Fig. 1. Asfc and epLsar according to dietary group and size of the scan analysed. Data gathered on
lower second molars.
[1] Kaiser, T. M., Müller, D. W., Fortelius, M., Schulz, E., Codron, D., & Clauss, M. (2013).
Hypsodonty and tooth facet development in relation to diet and habitat in
herbivorous ungulates: implications for understanding tooth wear. Mammal Review,
43(1), 34-46.
[2] Schulz, E., Calandra, I., & Kaiser, T. M. (2010). Applying tribology to teeth of hoofed
mammals. Scanning, 32(4), 162-182.
[3] Scott, R. S., Ungar, P. S., Bergstrom, T. S., Brown, C. A., Grine, F. E., Teaford, M. F., &
Walker, A. (2005). Dental microwear texture analysis shows within-species diet
variability in fossil hominins. Nature, 436(7051), 693-695.
[4] Scott, R. S., Ungar, P. S., Bergstrom, T. S., Brown, C. A., Childs, B. E., Teaford, M. F., &
Walker, A. (2006). Dental microwear texture analysis: technical considerations.
Journal of Human Evolution, 51(4), 339-349.
5th International Conference on Surface Metrology
April 4–7, 2016 • Poznan University of Technology, Poland
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Full-text available
Reconstructing the diets of extinct hominins is essential to understanding the paleobiology and evolutionary history of our lineage. Dental microwear, the study of microscopic tooth-wear resulting from use, provides direct evidence of what an individual ate in the past. Unfortunately, established methods of studying microwear are plagued with low repeatability and high observer error. Here we apply an objective, repeatable approach for studying three-dimensional microwear surface texture to extinct South African hominins. Scanning confocal microscopy together with scale-sensitive fractal analysis are used to characterize the complexity and anisotropy of microwear. Results for living primates show that this approach can distinguish among diets characterized by different fracture properties. When applied to hominins, microwear texture analysis indicates that Australopithecus africanus microwear is more anisotropic, but also more variable in anisotropy than Paranthropus robustus. This latter species has more complex microwear textures, but is also more variable in complexity than A. africanus. This suggests that A. africanus ate more tough foods and P. robustus consumed more hard and brittle items, but that both had variable and overlapping diets.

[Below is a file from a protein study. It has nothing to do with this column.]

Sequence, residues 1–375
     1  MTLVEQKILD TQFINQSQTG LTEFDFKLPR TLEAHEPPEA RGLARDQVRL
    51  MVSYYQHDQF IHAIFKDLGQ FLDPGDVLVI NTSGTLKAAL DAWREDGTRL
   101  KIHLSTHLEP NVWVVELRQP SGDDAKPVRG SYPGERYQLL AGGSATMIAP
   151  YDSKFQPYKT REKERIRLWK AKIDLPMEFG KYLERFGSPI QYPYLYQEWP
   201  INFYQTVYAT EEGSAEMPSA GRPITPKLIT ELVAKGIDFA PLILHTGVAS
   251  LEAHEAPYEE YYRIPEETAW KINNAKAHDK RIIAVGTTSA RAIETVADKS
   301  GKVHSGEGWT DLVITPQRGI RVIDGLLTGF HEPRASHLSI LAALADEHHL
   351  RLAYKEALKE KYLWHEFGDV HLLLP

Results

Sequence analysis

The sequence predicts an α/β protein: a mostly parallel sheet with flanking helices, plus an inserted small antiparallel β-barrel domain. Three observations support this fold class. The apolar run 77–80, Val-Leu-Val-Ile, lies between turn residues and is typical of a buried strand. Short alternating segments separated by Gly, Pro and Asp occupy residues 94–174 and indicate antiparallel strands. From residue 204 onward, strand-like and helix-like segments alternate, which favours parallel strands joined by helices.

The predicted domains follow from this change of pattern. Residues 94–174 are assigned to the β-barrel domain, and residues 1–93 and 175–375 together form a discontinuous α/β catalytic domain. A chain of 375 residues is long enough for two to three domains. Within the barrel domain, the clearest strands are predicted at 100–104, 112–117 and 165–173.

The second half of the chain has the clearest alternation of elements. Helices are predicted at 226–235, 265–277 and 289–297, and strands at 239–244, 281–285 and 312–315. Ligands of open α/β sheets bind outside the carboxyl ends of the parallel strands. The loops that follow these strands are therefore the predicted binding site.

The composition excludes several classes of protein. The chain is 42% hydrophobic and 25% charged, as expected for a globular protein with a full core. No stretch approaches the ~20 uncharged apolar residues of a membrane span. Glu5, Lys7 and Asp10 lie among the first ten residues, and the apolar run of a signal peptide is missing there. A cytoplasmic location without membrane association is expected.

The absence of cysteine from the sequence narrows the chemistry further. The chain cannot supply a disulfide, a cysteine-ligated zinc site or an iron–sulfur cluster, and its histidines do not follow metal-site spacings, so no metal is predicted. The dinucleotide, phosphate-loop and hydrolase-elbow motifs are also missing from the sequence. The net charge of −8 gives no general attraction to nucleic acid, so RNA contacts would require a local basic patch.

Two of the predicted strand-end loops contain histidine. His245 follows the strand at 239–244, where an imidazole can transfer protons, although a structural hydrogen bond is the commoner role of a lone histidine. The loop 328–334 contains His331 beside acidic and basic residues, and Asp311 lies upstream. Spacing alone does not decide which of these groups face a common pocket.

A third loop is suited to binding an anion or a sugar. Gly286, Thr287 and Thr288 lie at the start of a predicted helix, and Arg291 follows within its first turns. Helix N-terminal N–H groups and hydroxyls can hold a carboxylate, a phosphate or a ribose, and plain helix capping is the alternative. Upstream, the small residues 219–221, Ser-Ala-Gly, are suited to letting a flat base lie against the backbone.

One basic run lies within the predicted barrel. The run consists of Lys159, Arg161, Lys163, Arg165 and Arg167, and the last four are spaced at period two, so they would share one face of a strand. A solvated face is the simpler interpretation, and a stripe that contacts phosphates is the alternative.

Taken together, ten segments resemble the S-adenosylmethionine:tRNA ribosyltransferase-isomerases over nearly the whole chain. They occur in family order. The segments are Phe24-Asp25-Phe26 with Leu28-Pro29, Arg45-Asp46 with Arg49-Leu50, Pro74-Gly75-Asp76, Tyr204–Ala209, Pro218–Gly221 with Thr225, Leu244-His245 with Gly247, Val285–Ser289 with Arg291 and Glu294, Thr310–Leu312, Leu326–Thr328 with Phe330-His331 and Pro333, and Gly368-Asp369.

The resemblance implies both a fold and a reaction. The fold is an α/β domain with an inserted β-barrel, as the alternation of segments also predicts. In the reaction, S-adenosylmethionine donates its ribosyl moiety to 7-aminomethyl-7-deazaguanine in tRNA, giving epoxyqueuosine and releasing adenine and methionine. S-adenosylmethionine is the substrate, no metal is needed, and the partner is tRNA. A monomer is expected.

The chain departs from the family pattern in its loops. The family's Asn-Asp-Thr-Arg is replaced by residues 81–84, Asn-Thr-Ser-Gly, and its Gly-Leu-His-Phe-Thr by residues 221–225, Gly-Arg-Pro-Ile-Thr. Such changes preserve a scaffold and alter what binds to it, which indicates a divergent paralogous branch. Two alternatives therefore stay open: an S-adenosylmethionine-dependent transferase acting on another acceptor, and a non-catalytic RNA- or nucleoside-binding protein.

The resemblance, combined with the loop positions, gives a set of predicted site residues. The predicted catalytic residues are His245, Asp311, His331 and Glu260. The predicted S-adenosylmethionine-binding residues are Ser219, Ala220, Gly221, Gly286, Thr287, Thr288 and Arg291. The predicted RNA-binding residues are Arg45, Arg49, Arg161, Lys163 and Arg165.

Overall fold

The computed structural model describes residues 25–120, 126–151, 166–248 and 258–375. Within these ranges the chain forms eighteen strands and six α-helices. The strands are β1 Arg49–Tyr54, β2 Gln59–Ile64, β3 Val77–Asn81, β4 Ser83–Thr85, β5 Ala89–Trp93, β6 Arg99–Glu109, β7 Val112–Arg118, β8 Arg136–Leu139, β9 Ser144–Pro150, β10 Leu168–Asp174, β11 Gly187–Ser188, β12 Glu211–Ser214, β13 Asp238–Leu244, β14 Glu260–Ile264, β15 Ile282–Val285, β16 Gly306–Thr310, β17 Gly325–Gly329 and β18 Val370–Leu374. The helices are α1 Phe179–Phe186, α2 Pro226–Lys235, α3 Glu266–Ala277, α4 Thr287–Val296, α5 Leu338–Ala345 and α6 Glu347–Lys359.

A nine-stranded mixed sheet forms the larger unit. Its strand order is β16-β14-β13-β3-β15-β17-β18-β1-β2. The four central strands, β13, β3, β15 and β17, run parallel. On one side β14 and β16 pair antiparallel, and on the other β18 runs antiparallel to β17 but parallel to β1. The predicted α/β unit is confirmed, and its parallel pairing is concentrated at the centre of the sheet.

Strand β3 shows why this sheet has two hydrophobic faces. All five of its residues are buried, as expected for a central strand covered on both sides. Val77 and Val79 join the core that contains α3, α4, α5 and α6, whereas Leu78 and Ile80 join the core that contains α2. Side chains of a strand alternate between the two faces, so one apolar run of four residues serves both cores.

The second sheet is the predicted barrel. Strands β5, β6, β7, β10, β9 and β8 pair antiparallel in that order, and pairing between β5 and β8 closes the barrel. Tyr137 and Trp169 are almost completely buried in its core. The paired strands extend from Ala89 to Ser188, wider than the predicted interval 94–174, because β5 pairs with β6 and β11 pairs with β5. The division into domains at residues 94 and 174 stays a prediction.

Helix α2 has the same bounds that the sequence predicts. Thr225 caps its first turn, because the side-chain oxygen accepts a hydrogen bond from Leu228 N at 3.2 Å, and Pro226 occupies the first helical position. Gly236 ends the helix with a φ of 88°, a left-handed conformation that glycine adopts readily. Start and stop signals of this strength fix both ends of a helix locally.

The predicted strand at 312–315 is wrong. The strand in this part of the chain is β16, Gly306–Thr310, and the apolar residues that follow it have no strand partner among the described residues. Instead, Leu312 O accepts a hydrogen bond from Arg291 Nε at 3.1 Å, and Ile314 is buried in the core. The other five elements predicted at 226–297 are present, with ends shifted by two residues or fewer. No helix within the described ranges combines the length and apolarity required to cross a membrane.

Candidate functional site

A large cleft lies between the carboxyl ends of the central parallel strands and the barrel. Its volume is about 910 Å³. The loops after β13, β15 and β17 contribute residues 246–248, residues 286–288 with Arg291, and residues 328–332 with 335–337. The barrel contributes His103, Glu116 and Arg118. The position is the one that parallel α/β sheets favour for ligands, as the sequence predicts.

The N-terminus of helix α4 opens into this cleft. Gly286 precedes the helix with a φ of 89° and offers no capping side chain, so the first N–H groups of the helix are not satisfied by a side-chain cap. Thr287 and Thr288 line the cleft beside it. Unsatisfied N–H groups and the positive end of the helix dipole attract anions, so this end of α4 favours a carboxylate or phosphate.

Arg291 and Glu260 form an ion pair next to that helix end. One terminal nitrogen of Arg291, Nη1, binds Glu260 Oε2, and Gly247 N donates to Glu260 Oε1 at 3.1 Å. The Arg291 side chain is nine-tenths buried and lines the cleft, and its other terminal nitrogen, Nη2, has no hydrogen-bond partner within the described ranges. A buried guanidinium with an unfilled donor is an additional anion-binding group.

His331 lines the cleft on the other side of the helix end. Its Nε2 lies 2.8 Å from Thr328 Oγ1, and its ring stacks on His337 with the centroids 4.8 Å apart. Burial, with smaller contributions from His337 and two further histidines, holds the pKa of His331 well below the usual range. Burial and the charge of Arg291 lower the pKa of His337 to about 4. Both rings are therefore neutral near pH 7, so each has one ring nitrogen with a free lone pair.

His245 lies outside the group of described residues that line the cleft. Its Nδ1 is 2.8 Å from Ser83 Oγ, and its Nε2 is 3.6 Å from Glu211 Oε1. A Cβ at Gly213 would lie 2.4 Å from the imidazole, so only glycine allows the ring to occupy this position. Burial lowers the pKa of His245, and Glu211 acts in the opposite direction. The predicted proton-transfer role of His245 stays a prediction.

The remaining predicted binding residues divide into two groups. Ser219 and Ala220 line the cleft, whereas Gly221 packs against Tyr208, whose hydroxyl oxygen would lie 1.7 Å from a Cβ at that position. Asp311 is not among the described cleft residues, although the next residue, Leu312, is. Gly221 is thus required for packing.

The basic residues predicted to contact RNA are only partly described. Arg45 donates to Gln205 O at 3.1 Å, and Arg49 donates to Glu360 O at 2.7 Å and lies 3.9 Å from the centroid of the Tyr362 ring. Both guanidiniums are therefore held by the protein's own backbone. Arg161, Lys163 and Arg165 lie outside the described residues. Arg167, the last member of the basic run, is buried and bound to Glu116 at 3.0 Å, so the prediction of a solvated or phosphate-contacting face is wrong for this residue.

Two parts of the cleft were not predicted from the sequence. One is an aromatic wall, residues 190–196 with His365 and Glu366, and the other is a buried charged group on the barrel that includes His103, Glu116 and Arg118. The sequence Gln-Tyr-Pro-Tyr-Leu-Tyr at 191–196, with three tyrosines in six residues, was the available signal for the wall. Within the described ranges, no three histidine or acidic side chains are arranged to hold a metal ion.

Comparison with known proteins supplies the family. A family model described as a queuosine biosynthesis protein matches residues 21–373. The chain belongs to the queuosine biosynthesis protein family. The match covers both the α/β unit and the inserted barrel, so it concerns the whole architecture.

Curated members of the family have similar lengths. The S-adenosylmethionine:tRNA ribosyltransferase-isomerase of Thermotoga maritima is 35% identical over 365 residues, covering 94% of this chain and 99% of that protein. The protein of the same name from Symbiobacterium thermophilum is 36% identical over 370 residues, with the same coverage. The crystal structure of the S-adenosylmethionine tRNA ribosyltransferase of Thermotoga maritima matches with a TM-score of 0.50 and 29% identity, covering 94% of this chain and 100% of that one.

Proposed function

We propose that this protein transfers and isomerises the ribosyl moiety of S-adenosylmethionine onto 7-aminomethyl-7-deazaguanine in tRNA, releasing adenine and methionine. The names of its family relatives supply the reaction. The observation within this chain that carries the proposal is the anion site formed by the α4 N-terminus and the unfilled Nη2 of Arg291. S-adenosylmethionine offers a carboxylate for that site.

Mammals inhabit all types of environments and have evolved chewing systems capable of processing a huge variety of structurally diverse food components. Surface textures of cheek teeth should thus reflect the mechanisms of wear as well as the functional traits involved. We employed surface textures parameters from ISO/DIS 25178 and scale-sensitive fractal analysis (SSFA) to quantify dental wear in herbivorous mammals at the level of an individual wear enamel facet. We evaluated cheek dentitions of two grazing ungulates: the Blue Wildebeest (Connochaetes taurinus) and the Grevy's Zebra (Equus grevyi). Both inhabit the east African grassland savanna habitat, but they belong to fundamentally different taxonomic units. We tested the hypothesis that the foregut fermenting wildebeest and the hindgut fermenting zebra show functional traits in their dentitions that relate to their specific mode of food-composition processing and digestion. In general, surface texture parameters from SSFA as well as ISO/DIS 25178 indicated that individual enamel ridges acting as crushing blades and individual wear facets of upper cheek teeth are significantly different in surface textures in the zebra when compared with the wildebeest. We interpreted the complexity and anisotropy signals to be clearly related to the brittle, dry grass component in the diet of the zebra, unlike the wildebeest, which ingests a more heterogeneous diet including fresh grass and herbs. Thus, SSFA and ISO parameters allow distinctions within the subtle dietary strategies that evolved in herbivorous ungulates with fundamentally different systematic affinities but which exploit a similar dietary niche.